Truchas Mexicanas published its first overview paper on the project in 2003, and our most recent overview is in press in a book due to be published in 2019 - it has a map, habitat photos and Joseph R. Tomelleri's beautiful illustration's of most species in the process of being described. Tomelleri also does video production - check out his impressive video story of the fishes and the group's work.
A doctoral dissertation and resultant paper used many of Truchas Mexicana's extensive DNA samples that solidified the growing evidence of the genetic distinctiveness of all Mexican forms, and documented that Mexico has perhaps more overall genetic diversity in its trout than is found across all US species. The genetics also substantiated our field observations that often indicated very small, isolated populations.
In 2016, our Mexican colleagues published a book (35 below) focused on the one formally named species, the Mexican Golden Trout (which will ultimately be split into multiple species). It includes chapters covering everything from basic biology and ecology, computer modeling of genetic landscapes, trout culture operations, to socio-economic issues confronting trout management and conservation.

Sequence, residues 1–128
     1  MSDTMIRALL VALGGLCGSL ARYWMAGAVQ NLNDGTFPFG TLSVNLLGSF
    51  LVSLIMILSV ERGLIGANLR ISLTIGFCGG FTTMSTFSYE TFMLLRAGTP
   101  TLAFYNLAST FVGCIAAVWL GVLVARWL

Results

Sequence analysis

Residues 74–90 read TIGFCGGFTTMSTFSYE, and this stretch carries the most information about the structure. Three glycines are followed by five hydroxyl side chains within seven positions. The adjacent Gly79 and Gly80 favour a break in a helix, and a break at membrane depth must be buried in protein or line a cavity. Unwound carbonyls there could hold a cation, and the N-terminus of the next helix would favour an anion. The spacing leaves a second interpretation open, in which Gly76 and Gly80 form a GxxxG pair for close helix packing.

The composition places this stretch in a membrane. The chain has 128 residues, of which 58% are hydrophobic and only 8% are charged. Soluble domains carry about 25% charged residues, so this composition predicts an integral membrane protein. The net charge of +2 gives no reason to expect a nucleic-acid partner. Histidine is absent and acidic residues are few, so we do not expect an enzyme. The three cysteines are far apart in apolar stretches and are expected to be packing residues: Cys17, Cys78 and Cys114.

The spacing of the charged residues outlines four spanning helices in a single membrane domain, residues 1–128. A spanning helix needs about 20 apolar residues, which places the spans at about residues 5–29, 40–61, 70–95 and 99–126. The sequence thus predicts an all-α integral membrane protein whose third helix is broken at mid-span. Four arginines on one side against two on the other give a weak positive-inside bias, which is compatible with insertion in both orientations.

But, our new Zotero Group-based bibliography is where we now serve (and continue to add) links to all of the resources now available for our research and conservation efforts. Exploring it will quickly demonstrate that though these species are still un-described, significant progress toward understanding them and the conservation challenges they confront has been made and is ongoing, as many more researchers are now working on them than ever before.
Finally, though most items from it have been added to the Zotero Group, some remain only in our complete 2003 - present publication list, so we maintain a link to that as we continue working on getting everything into the Zotero group.